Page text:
Skip to main content
You are here
Facebook icon
Pinterest icon
Twitter icon

Developing Agreements with International Third Parties

Guidance and support for Kew staff in setting up formal agreements with third parties in other countries.

UK delegation in Nagoya 2010 © J.Jackson

Kew works with partners in over 100 countries. Many of our partnerships are formalised through bilateral or multilateral agreements with scientific research institutions (universities, botanic gardens, herbaria or research stations), as well as with government or intergovernmental bodies. Agreements with third parties take the form of either more formal Access and Benefit Sharing Agreements (ABSAs) which usually include government representatives as partners and deal with prior informed consent issues, or Memoranda of Understanding/Collaboration (MoUs or MoCs – herewith referred to as MoUs) which outline the partnership in a less formal way. Between 2006 and 2011 Kew agreed over 61 ABSAs and MoUs, in 37 countries – and a further 40 agreements are in the development or negotiation stage.

ABSAs and MoUs fulfill several functions: most importantly they facilitate the legal access and exchange of plant material (herbarium specimens, live plants, seeds, DNA), information and resources. These agreements allow Kew to set out its commitment to international conventions such as the Convention on Biological Diversity (CBD), the Convention on International Trade in Endangered Species (CITES), and national legislation relevant to biodiversity. ABSAs and MoUs also ensure that Kew’s collaborators are aware of the possible use of the material and data transferred to Kew. For example, the agreements outline the type of scientific research that may be carried out on the material by Kew and list the agreed benefit-sharing and capacity building activities. The agreements also ensure that both parties are clear as to the terms and conditions under which the material has been transferred – for instance, whether the material may be transferred to third parties, and if so under what terms, and whether the material can be commercialised.

As Kew’s ABSAs tend to be agreed between Kew and the government entity responsible for the transfer of plant genetic resources, and can be active for up to ten years, they are more costly and time consuming to draft and negotiate than a MoU, and may take several months to finalize. MoUs tend to be agreed more swiftly between Kew and an institutional partner and are usually for a shorter period than ABSAs, typically 3-5 years.

The Conventions team provide advice to Kew staff in setting up these international agreements. The advice takes the form of intranet guidance - through the Staff Guide to Collecting Use and Supply; meetings with Kew’s regional coordinators; and email, telephone and face to face advice. Guidance is developed from consultations with Kew’s Legal and Governance Department, following relevant international and national legislation relating to plant material, and advice from the Kew scientist leading the development of the agreement.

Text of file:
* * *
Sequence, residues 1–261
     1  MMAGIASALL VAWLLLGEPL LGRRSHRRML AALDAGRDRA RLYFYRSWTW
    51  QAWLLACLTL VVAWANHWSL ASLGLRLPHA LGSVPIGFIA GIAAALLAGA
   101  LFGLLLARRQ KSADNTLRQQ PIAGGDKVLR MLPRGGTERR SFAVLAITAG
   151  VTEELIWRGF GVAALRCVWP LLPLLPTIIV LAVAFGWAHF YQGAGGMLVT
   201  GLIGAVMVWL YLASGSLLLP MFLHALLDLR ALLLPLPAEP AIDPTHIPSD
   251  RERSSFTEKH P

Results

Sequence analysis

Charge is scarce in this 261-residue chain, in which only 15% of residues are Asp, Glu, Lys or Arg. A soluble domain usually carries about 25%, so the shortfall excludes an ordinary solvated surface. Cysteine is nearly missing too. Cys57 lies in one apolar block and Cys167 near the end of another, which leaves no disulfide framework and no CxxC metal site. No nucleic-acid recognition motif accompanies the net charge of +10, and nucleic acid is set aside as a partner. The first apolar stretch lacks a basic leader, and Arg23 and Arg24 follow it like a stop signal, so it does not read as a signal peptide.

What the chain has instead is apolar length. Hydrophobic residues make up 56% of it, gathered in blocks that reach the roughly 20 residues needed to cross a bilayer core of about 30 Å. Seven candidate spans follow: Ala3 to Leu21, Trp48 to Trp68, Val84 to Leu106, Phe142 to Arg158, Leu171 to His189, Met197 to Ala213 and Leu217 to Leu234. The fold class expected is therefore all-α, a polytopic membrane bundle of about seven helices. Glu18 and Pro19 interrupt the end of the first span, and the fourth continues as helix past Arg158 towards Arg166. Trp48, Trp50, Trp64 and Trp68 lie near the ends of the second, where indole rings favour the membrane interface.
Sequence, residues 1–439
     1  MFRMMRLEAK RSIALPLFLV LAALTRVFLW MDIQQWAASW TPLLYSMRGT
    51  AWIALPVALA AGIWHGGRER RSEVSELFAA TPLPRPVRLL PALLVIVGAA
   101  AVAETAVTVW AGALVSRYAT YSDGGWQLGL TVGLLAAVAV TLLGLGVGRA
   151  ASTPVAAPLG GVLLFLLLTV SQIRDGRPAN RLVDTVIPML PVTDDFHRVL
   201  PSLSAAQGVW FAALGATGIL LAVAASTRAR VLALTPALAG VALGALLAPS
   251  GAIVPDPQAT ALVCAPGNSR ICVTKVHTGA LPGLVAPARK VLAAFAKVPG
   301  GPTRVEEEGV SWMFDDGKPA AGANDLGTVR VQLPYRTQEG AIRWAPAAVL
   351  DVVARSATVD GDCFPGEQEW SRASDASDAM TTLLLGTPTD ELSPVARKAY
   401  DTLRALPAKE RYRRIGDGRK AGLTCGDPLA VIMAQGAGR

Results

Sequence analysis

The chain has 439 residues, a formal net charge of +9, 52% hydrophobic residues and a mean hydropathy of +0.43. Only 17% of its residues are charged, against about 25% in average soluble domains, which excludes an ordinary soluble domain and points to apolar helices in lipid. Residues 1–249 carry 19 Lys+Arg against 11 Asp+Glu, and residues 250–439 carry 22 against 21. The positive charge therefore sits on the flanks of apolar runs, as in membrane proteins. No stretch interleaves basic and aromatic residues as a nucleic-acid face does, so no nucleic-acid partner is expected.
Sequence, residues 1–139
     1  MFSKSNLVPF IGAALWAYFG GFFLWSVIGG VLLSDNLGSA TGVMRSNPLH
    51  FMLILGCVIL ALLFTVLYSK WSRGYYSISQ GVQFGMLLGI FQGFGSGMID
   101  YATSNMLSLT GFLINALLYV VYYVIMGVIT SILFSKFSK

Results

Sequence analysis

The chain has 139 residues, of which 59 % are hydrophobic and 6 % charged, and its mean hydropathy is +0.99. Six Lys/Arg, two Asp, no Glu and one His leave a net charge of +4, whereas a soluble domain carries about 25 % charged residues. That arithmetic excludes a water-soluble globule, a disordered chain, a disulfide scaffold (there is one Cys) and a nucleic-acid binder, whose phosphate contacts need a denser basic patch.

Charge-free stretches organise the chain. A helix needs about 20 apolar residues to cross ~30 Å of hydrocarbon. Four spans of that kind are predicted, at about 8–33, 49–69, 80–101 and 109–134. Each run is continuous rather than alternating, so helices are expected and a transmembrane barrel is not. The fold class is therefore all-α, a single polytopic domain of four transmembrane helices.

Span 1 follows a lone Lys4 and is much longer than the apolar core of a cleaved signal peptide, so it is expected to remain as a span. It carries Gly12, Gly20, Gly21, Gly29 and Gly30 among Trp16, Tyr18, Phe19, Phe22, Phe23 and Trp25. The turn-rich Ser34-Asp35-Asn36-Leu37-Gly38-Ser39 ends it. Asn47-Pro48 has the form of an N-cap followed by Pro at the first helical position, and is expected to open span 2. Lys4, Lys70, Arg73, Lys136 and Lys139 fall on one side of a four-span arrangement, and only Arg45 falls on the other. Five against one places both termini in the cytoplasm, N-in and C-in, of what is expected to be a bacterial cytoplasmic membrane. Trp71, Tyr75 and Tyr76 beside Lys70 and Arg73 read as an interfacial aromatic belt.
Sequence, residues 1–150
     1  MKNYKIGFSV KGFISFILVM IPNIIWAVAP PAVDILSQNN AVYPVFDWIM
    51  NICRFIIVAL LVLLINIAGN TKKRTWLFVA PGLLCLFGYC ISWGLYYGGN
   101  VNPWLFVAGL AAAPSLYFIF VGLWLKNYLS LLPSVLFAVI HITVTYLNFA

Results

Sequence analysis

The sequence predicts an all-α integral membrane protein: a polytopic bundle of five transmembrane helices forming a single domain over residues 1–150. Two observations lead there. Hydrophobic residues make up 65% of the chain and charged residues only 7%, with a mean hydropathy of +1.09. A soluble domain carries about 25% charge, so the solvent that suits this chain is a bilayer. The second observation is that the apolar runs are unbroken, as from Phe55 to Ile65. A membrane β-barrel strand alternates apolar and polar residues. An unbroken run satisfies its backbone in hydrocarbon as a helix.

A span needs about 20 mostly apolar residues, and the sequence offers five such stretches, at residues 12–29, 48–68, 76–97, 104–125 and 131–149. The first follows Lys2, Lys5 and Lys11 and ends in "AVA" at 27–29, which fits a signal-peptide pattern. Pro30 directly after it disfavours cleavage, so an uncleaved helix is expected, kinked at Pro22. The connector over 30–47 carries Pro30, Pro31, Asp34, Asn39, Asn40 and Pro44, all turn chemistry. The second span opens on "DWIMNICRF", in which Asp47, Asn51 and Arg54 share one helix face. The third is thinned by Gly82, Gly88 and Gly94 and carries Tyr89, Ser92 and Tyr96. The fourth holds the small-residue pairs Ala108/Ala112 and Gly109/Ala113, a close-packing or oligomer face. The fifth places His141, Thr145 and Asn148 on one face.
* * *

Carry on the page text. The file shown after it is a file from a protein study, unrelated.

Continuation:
The Conventions and Policy Section (CAPS) staff work with Kew staff throughout any negotiations to ensure that any terms requested by collaborators are acceptable to Kew. In particular, the team advises staff about agreeing to any terms that are stricter than the standard conditions under which Kew regularly uses and supplies material. Such terms may impose an extra curatorial burden on Kew, and any potential resource impacts need to be assessed. Where stricter terms are agreed, Conventions and Policy Section staff and the project lead scientist record additional conditions for future reference – to ensure that Kew is always compliant.

In 2008, the CAPS team, in association with the Legal and Governance Department, developed a proforma MoC for staff use to ensure that standard agreed terms are generally used in our partnerships. In 2010, the team developed proforma ABSAs, for use primarily by the Seed Conservation Department (which are available in French and English), and suitable for use with both a government and non-government departments. These models are used to initiate negotiations with partners and to indicate how we work. They are also viewed as a good example of best practice in this area and regularly supplied to colleagues from other institutions wishing to develop their own model agreements.

The importance of Kew agreements in the international context is increasing. In 2010, Parties to the CBD adopted the Nagoya Protocol on Access and Benefit Sharing (ABS) provisions within the CBD. The provisions of the Protocol are yet to be fully developed, and implementation will be subject to national legislation. Many developing countries see the Protocol as the basis for further elaboration on access procedures. It is likely that new national access procedures may be developed, and there may be greater restrictions on use and supply of plant material. Therefore, it is vital that Kew should develop clear agreements with its partners, to enable Kew to implement its mission. The Conventions team will continue to work with staff to ensure that Kew’s agreements are compliant with any changes in legislation relating the Nagoya Protocol.
 

Project partners and collaborators

International

Sixty one project partners with agreements in 37 countries.

Project team

Conservation, Living Collections & Estates 

Natasha Ali, China Williams, Clare Trivedi, Michael Way

Science Teams: 
Project Leader: